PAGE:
most assemblers require two or more pairs of reads to confirm each decision about how to assemble a repeat region. 56. longer paired-end library size.200 Scaffold N50 (kb) Figure 4 | Longer paired-end libraries improved Nature Reviews Genetics assembly contiguity in the repetitive potato |genome. 3c). and it is difficult for an assembler to determine the true copy number. and these unique markers provided crucial forensic evidence that led investigators back to a single source for the attacks53. In either an overlap graph or a de Bruijn graph. Strategies for handing repeats. Because paired-end information is imperfect. The tandem repeat copies were 822. this means that if a genome is sequenced to 50-fold (50×) coverage.3 Mbp — a 100-fold improvement over the initial statistics. then the assembler can use that information to decide how to move from a unique region in the graph through a repeat node and into the correct unique region on the other side. VOLUME 13 | JANUARY 2012 | 43 NATURE REVIEWS | GENETICS © 2012 Macmillan Publishers Limited. they found only 37 long (>10 kb) contigs that were misassembled in total from the two assemblies. Near-identical tandem repeats are often collapsed into fewer copies. As the genome was reassembled using Illumina mate-pair libraries with increasingly large fragment sizes (2 to 10 kb). 55). Repeat boundaries and sequencing errors show up as branch points in the graph. The first assembly of this 844 Mbp genome. a strategy is described that uses a preliminary sequence assembly from unpaired reads to estimate repeat structure.and three-copy tandem repeats.9659 15. anthracis. In order to make use of this information. The second main strategy for handling repeats is to compute statistics on the depth of coverage for each contig. repeats are usually assembled after unique regions.000 Insert size (bp) 10.3 Mb. The data in this figure are taken from REF.000 5. These statistics do not tell assemblers exactly how to assemble each repeat. which contained a mixture of slight variants on the Ames strain of B. These CNVs were present in only minor ‘morphotypes’ from the anthrax-containing letters. was 1. by contrast. produced tiny contigs that had an N50 20. after using Sanger sequencing to generate paired ends from 40 kb fosmids and 100 kb BACs. will have substantially deeper coverage.000 R2 = 0. Potato is highly repetitive and has repeats covering an estimated 62% of its genome. 4. but the coverage depth and the mate-pair information will be inconsistent. as shown in FIG. which. FIGURE 3b illustrates a collapsed repeat in which two identical copies are assembled into one. the scaffolds grew linearly with the insert size.54.000 bp. they use mate-pair information from reads that were sequenced in pairs. making it considerably easier to assemble. Scaffold A scaffold is a collection of contigs that are linked together by paired end information with gaps separating the contigs.. The final scaffold N50 size. Even longer stretches can be produced using fosmid clones (30 to 40 kbp) and bacterial artificial chromosome (BAC) clones (up to 150 kbp). these fragments range in length from 200 bp up to 20. After the assembly errors were detected. N50 A widely used statistic for assessing the contiguity of a genome assembly. in it. Notably. If a read pair spans a repeat. With the addition of the final. assembly programs must assume that the genome is uniformly covered. the investigation into the 2001 Bacillus anthracis attacks in the United States identified isolates of the attack strain that only differed in the presence of two. The N50 value is computed by sorting all contigs in an assembly from largest to smallest. Each point represents the scaffold N50 size of an assembly of the potato genome that was built using paired-end reads from inserts of a specific size and smaller. and complex repeats appear as densely connected ‘tangles’ (REF.607 nucleotides in length. Visual inspection indicated that most of these errors were caused by the collapse of interspersed repeats flanking unique sequences (FIG. 2. the scaffold N50 size reached 1. Longer fragments allow assemblers to span longer repeats.000 0 0 20 400 600 800 1. All rights reserved . Successive points moving from left to right used all previous data plus one additional. size of just 697 bp and also produced scaffolds with an N50 size of 8 kb. 20 kb library. which allows the algorithm to identify it as a repeat and to process it differently. First and most importantly.023 and 2. Note that all of the reads may align perfectly. all copies of a repeat will initially be represented by a single node. can be used to design appropriate paired-end libraries. in turn. which was generated with a combination of Illumina and 454 reads. which the genome assembler had initially collapsed incorrectly 53. This is a good example of how long fragment libraries can be used to ‘jump’ across repetitive DNA and link together many more contigs. The N50 value is also used for scaffolds.000 1. A good illustration of this strategy is the recently assembled potato genome56. A repetitive region. then the assembler assumes that most contigs should also be covered at 50×. Tandem repeats present another common assembly problem. then cumulatively adding contig sizes starting with the largest and reporting the size of the contig that makes the total greater than or equal to 50% of the genome size. the CNVs were correctly reconstructed. One recent study 57 suggested that paired-end libraries can be ‘tuned’ to the specific genome being assembled. Although their analysis did not look at recent segmental duplications at the level of detail of Alkan et al.REVIEWS versus 50%). Assemblers use two main strategies to resolve these tangles. A variety of protocols are available for producing two reads from opposite ends of a longer fragment of DNA. but they do identify the repeats themselves. and assemblers may require multiple paired ends to link a repetitive contig to a unique one. although efficient ways of sequencing the ends of these clones are still under development. which is plotted on the y axis. In particular.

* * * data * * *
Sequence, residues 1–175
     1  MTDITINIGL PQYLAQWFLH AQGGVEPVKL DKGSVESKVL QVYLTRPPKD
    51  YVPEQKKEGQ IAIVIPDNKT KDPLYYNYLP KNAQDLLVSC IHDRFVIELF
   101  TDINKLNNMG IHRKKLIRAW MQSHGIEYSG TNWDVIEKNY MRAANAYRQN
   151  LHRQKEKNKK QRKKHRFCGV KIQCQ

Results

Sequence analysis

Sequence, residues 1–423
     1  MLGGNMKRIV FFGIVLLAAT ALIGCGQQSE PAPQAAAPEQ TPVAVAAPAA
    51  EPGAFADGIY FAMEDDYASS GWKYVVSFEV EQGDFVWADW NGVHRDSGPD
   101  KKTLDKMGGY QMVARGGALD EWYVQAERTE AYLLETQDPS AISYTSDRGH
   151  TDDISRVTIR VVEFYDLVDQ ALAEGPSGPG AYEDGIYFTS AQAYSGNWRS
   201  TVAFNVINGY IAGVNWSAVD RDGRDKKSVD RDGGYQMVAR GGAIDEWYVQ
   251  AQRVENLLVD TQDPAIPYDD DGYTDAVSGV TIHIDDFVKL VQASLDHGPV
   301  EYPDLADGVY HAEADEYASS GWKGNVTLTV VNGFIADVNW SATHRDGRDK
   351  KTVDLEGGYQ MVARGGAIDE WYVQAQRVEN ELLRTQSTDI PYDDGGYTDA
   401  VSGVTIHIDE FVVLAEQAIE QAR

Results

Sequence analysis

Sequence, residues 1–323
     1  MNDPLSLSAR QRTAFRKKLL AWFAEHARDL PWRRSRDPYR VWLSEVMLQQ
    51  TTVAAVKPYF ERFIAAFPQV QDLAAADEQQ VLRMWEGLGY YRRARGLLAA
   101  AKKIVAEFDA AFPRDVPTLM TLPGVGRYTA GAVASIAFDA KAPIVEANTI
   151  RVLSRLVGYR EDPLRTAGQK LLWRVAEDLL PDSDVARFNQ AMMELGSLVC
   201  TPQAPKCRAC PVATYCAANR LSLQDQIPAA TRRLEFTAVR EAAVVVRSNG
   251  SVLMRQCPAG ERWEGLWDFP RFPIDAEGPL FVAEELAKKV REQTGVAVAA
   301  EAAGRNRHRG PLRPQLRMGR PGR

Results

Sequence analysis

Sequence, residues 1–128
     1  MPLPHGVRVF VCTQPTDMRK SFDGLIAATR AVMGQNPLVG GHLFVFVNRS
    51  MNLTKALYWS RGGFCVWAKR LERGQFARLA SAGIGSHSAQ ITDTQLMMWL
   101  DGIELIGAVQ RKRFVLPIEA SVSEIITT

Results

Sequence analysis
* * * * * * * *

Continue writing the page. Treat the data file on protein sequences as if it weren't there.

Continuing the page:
All rights reserved . Another challenge that is unique to RNA-seq data is the measurement of gene expression levels. although some allow a small. This error will increase as the sequence similarity between A and B increases. For example. and the ultimate solution may require much longer read lengths. which. In response to the rapid growth of these experiments. This strategy works well for alignments that span normal genes but. this method produced improved expression estimates in the highly repetitive maize genome. Other aligners. suppose that a gene exists in two slightly different copies. ShortFuse65 and SplitSeek61 have been designed to scan RNA-seq data and to detect fusion genes that are caused by chromosome breakage and rejoining: a common event in cancer cells. and the estimate of expression of B will be biased upwards. which. Collectively. The standard approach for estimating expression levels is to count the number of reads or read pairs (also known as fragments) that are aligned to a given gene and to normalize the count based on gene length and sequencing depth. if an intron interrupts a read so that only 5 bp of that read span the splice site. RUM61 and SpliceMap62 are capable of aligning a short read to two distinct locations. In regions where A and B diverge. Because a read must be split into pieces before alignment. Fusion gene discovery algorithms must allow a pair of reads to align anywhere in the genome.68 developed a software tool called RNA-seq by Expectation Maximization (RSEM) to address the uncertainty that is inherent in multi-read mapping by modelling both isoform levels and non-uniform read distributions. in turn. Alignment and assembly of RNA sequences High-throughput sequencing of the transcriptome provides a detailed picture of the genes that are expressed in a cell. means that repeats present a greater problem than in full-length alignments. algorithms for fusion gene detection might become computationally unfeasible. RNA-seq experiments capture a huge dynamic range of expression levels. this becomes millions of false positives when extended 44 | JANUARY 2012 | VOLUME 13 Conclusions Advances in DNA-sequencing technology. many new computational tools have emerged. their method can markedly increase coverage in ChIP–seq data. For example. A and B. which can be estimated from the number of reads mapping to each gene. analysing coverage statistics and detecting and resolving tangles in a de Bruijn graph. Gene expression. abbreviated as RPKM or FPKM. None of these requirements completely solves the problems. coupled with novel. however. efficient computational analysis tools. Allpaths-LG. A method that was developed by Chung et al. rnaSeqMap60. Li et al. When one of the reads falls in a repeat sequence. Without this restriction. (The measurement is usually expressed as reads or fragments per kilobase of transcript per million reads or fragments sequenced. They demonstrated that. and the problems caused by repeats are largely the same in transcriptome assembly and alignment. RNA-seq aligners. multi-reads can introduce errors in estimates of gene expression.67 also places multi-reads proportionally. Simply put. including TopHatFusion63. One of the leading NGS assemblers. Thus. reads will preferentially map to the correct version of the gene. Splicing. MapSplice59. in turn. the overall estimate of expression of A will be biased downwards. this means that the normal constraints on the distance and orientation of a mate pair cannot be used. A similar idea was developed into a more sophisticated statistical model by Jiang and Wong 66. then there may be many equally good locations to align the short 5 bp fragment. some of which are shown in TABLE 1. assembling the reads into full-length or partial transcripts and quantifying the amount of each transcript. If the genes are very close paralogues. repeats are particularly problematic.nature. has specific requirements for the types of paired-end reads that it needs for optimal performance20. for fusion genes. Above. confirming alignments in which longer sequences align on both sides of each splice site.REVIEWS A combination of strategies exists for resolving problems that are caused by repetitive DNA. Most fusion gene aligners address this problem by excluding any read with more than one alignment. then most of the reads will map equally well to either copy. and suppose that A is expressed at a much higher level than B is expressed. which is made necessary by the presence of introns.) For gene families and genes containing repeat elements (BOX 1). to all of the data from an RNA-seq experiment. RNA-seq analysis centres around three main computational tasks: mapping the reads to a reference genome. have made it possible to analyse sequencing-based experimental data www. spliced alignments are shorter. such as TopHat 58. Spliced alignment algorithms address this problem by requiring additional. One way to avoid this bias in the placement of multireads is the strategy implemented in ERANGE5 and related methods: these approaches distribute multireads in proportion to the number of reads that map to unique regions of each transcript. post-processing software that is designed for detecting misassemblies51. Although it is not clear whether any of these methods is substantially superior to the others. who used it to allocate reads among different splice variants. FusionSeq64. this is the problem of aligning a read to two physically separate locations on the genome. A distinct challenge posed by RNA-seq data is the need for spliced alignment of NGS reads. allows for detection of signals that would otherwise be missed67. including sequencing strategies that use fragment libraries of varying sizes57. and they also detect novel transcripts and alternative splicing events. the algorithm may be faced with thousands of false positives. we discussed the first two tasks in the context of genome resequencing projects and de novo assembly. fixed number of alignments. but this might only be a small portion of the total © 2012 Macmillan Publishers Limited. in contrast to methods that only considered uniquely mapped reads. after first estimating expression levels using an expectation maximization algorithm. what is clear is that ignoring multi-reads can seriously interfere with accurate scientific analysis.